Anonymous More than 1 year ago
When I read the description for this book, I thought that it would be a book that would keep my interest and be a good read. Boy was I wrong. Usually most books have turning books, or events that keep you on the edge of your seat anticipating the next page...this never happened to me while reading this book. Reading this book right after reading "The Help" was the wrong thing to do, because I had high expectations.
Ravenswood_Reviews More than 1 year ago
JEAN THOMPSON'S "THE YEAR WE LEFT HOME" (REVIEW) This book was wonderful. It's usually hard to find the story of someone else's life interesting when it's fictitiously written but Jean Thompson brought this family to life so vividly you felt a part of it. Each chapter is written about the different siblings and using their point of views on matters of life, death, marriage, family, and children. I found myself drifting through this book effortlessly and easily put faces to each character so that it played out almost as if I were watching a movie. You feel the good and the bad, live their lives with them and find yourself cheering when they make the right choices and wishing you could offer them advice when they don't. This is definitely a book anyone would enjoy. There is so much in it that all of us can relate to and the story is one that simply draws you in. I will be on the look-out for more of her writing! -Kitty Bullard / Great Minds Think Aloud Book Club
Anonymous More than 1 year ago
I bought this book based on the fact that it was on the New York Times Bestseller list and the it sounded interesting but I was disappointed. It certainly wasn't the book that you couldn't put down and I would not recommend it to anyone.
Anonymous More than 1 year ago
A very well written exploration of a Norwegian American family in a rural farming town. The children become adults and head out into the world with very different journeys. But in the end, you can't escape who you are or your family & heritage...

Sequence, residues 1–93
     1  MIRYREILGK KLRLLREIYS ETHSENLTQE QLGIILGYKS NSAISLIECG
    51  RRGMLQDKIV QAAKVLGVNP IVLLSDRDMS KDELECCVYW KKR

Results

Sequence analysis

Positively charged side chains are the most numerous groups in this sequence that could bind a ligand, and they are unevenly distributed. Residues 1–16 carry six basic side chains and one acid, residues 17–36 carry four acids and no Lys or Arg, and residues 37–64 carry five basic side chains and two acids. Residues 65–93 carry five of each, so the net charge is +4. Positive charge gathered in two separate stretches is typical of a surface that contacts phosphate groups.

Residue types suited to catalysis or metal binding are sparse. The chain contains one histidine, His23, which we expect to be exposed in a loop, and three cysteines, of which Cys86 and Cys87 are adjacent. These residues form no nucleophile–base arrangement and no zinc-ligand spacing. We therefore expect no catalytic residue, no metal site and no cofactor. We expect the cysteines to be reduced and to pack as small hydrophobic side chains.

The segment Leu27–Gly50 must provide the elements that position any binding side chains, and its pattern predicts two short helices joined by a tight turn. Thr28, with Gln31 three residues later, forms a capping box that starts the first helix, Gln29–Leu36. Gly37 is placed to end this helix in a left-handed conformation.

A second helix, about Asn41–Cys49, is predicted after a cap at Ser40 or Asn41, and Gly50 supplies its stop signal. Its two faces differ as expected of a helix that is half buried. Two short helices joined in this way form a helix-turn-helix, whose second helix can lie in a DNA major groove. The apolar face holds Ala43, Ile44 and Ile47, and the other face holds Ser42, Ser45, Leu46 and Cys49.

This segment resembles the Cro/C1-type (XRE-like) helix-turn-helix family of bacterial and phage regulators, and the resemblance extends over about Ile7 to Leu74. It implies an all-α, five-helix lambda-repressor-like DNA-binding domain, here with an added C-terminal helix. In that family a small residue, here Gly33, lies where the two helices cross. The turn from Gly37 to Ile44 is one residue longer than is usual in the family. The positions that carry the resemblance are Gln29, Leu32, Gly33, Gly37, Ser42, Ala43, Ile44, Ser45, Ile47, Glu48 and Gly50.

SallyBooker More than 1 year ago
Very, very boring and extremely mundane. No idea why other reviews could have found this book interesting. I struggled to read the first half, then gave up (which I never do).
BookSakeBlogspot More than 1 year ago
While this book had the ability to pull at my heartstrings at times, on the whole it was fairly mundane. I had to keep coming back to this book because many of the chapters literally put me to sleep, even though the writing was good, the subject was just a snooze at times. The progression of the family over the span of 30+ years was very well done, however it also made me feel disconnected every time the narration switched to a different family member. There were times when I had to jump back and read the previous parts of the story and spent way too much time trying to figure out what had happened since the last time they were the narrator. People that have family history like this would probably have enjoyed the story much more, at times it felt like I just didn't get it. Reviewed by Gabi for Book Sake.
mary_kvn More than 1 year ago
I'm not a fan of short stories, but when they're linked in this way, they are as good as a novel. Through this episodic approach, Thompson gives us a solid look at one American family's drift through three decades.
bibliolover More than 1 year ago
Ill-defined and undeveloped characters make this plotless story tough to finish. I did it, thinking this is a published book, surely something worthwhile in this so called "Family saga" will happen. It does not. Recommendation: Read almost anything else!
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an-older_lady More than 1 year ago
Probably very true to the age of the particpates although it was not what my life was like.